The British Journal of Sports Medicine published the results of a recent study on the cardiopulmonary capacity and muscle strength of transgender women versus biological women titled, “Cardiopulmonary capacity and muscle strength in transgender women on long-term gender-affirming hormone therapy: a cross-sectional study.”
The small study included 15 transgender women who had received hormone therapy for an average of 14 years compared to 13 biological men and 14 biological women.
In a surprise to no one, the study revealed that transgender women have more muscle mass and cardiopulmonary capacity than biological women. In the study referenced below, CW represents cis-gender women (biological women) and CM refers to cis-gender men (biological men.)
Researchers shared that their findings could help “inform policy” about decisions involving transgender women in sports.
According to the study:
In this small cohort of non-athlete TW, who were previously exposed to male pubertal development and underwent long-term oestrogen therapy, we identified higher grip strength and VO2 peak levels than in non-athlete CW, but these same parameters were lower compared with non-athlete CM.
These findings add new insights to the sparse information available on a highly controversial topic about the participation of TW in physical activities. Future studies involving transgender athletes that account for and quantify variable exposure times to pubertal development and assess muscle cell metabolism are needed to elucidate the effects of long-term GAHT on TW sports performance.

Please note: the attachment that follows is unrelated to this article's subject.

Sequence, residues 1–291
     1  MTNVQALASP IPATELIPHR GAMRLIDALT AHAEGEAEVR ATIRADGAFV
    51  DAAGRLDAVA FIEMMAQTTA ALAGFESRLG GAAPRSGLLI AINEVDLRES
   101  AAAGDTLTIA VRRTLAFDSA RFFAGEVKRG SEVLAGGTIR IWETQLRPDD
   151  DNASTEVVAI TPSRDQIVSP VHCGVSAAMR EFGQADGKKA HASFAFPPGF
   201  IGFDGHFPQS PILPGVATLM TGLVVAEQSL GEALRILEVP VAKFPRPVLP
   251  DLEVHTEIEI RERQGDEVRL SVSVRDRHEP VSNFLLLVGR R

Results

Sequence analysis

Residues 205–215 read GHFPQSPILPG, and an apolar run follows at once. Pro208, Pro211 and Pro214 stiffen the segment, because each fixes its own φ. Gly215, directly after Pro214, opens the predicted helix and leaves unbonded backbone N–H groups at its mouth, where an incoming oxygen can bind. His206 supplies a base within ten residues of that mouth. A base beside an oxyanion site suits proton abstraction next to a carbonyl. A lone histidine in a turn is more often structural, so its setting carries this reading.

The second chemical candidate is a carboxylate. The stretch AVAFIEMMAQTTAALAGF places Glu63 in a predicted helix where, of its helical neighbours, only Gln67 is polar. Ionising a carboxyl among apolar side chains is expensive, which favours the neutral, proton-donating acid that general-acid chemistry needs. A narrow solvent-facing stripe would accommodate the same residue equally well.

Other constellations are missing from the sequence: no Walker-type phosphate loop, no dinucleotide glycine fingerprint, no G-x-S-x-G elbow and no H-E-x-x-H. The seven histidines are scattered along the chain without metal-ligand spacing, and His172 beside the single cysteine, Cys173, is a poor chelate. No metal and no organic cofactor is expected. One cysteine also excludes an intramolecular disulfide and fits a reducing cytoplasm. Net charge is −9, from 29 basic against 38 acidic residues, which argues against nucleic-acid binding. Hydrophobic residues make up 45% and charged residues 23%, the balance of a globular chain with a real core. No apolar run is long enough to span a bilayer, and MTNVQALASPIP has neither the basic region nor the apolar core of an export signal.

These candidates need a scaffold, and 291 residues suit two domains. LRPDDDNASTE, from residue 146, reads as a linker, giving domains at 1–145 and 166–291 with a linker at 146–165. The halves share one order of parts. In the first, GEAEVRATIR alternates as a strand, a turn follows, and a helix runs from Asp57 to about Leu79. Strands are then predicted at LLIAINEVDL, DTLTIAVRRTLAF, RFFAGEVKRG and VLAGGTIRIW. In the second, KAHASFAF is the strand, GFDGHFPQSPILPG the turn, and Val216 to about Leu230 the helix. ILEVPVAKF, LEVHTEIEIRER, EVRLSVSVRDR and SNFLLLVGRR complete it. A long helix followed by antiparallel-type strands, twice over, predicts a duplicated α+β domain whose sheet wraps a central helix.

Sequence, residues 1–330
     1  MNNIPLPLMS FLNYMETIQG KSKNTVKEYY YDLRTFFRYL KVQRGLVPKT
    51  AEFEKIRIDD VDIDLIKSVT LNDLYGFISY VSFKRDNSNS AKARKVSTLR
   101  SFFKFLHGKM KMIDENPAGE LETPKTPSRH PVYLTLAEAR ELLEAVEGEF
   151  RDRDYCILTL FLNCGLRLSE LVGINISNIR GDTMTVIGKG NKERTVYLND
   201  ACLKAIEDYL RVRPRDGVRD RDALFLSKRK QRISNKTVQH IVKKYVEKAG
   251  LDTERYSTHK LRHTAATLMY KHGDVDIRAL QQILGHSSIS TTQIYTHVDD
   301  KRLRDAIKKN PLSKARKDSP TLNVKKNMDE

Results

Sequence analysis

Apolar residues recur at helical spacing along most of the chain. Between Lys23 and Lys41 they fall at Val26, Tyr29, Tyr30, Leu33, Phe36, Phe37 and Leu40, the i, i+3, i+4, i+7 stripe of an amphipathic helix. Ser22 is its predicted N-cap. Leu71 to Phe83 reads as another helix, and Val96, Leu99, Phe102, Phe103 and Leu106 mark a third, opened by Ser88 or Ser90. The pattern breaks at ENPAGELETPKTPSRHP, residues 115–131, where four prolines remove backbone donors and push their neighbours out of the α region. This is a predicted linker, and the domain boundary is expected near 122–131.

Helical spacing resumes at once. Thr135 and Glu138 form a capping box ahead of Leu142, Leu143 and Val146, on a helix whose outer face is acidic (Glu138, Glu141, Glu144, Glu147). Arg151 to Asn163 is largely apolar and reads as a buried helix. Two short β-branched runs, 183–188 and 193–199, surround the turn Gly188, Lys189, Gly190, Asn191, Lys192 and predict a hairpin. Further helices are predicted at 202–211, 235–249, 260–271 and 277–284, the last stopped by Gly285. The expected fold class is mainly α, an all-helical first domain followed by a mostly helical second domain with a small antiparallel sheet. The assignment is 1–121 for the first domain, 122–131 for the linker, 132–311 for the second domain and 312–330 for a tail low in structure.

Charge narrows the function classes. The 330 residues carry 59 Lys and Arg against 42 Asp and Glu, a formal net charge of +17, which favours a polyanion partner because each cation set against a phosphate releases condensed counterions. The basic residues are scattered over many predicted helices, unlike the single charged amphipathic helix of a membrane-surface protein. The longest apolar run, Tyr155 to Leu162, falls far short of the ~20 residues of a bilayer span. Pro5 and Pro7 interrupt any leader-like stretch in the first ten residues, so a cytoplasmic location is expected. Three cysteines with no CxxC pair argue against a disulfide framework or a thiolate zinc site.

Non the less, transgender athletes continue to infringe on women’s sports.
A transgender golfer, who played on a men’s college team, is poised to become the first transgender woman to earn an LGPA tour card.
Transgender University of Pennsylvania swimmer Lia Thomas won the first event a NCAA swimming and diving finals in March, 2022. At the end of Thomas’s collegiate swimming career at UPenn, Thomas moved from 65th on the men’s team to 1st on the women’s team in the 500-yard freestyle.
A female Virginia Tech swimmer shared the frustrations of having to compete against biological men and the negative impact of that attack on women.
Swimmer: It’s a common conception that we are all very disappointed and frustrated with someone who has capabilities more than us women have, to be able to compete at this level and take opportunities away from other women. Like, I have a teammate who did not make finals today because she was just bumped out of finals, and it’s heartbreaking to see someone who went through puberty as a male and has the body of a male be able to absolutely blow away the competition. Then you go into it with a mindset that you don’t have a chance, if that makes sense. Like it’s hard to compete against someone with the aerobic capacity, the muscle development, the body of a man, it’s hard. It’s hard to think about it like that, and staying positive, I bet for other swimmers who are in that, is probably overwhelming. I’m not sure. I can’t speak for them. But it’s disappointing to see and frustrating definitely.
Riley Gaines, an outspoken and powerful advocate for women in sports, joined Tucker Carlson early in 2022 and passionately explained the disheartening and insulting impact of men competing in women’s sports.
Gaines shared, “It’s an insult. It’s incredibly disheartening. And quite frankly, it’s wrong. We have an NCAA Woman of the Year who spent 95% of their life as a male. It doesn’t add up. It is incredibly, just, insulting . Think of all the athletes at UPenn, the deserving female athletes who did not get this nomination and Thomas did after quite literally only one year. Woman of the Year, it makes sense because it’s been one year Thomas has spent as a female. So yeah, it’s insulting. It’s a punch in the gut. It’s a slap to the face. It’s a total regression of what Title IX stands for.”